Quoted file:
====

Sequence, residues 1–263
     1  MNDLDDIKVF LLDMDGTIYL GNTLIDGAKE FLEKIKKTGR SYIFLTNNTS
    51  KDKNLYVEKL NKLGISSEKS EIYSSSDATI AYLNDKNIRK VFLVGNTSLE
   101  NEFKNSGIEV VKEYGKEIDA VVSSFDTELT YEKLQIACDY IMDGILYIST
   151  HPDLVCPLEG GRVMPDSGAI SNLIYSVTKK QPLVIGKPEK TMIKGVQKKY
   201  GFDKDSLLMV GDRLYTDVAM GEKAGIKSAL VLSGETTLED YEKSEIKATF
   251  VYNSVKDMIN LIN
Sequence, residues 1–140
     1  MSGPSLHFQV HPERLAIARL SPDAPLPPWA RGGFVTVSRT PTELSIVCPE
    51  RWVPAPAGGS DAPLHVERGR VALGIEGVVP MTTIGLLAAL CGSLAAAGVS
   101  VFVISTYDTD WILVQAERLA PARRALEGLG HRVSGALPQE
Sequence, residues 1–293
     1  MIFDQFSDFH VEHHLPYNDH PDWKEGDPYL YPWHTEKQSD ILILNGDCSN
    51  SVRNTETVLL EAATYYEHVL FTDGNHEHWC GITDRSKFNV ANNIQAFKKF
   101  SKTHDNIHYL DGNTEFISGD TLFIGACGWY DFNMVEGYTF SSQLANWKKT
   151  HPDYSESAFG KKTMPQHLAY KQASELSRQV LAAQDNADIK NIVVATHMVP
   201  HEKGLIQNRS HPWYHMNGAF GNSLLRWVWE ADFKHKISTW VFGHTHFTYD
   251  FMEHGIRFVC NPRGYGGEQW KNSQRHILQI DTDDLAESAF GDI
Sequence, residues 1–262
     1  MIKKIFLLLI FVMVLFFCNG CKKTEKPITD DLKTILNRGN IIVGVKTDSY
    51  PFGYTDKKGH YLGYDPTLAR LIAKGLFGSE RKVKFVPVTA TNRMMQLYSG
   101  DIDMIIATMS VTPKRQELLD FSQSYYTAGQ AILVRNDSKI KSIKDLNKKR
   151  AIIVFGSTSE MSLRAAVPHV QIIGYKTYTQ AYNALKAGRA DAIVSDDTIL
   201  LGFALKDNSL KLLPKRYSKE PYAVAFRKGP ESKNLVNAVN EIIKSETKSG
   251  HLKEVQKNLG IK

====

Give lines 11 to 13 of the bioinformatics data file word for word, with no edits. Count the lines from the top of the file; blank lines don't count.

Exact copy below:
   101  VFVISTYDTD WILVQAERLA PARRALEGLG HRVSGALPQE
Sequence, residues 1–293
     1  MIFDQFSDFH VEHHLPYNDH PDWKEGDPYL YPWHTEKQSD ILILNGDCSN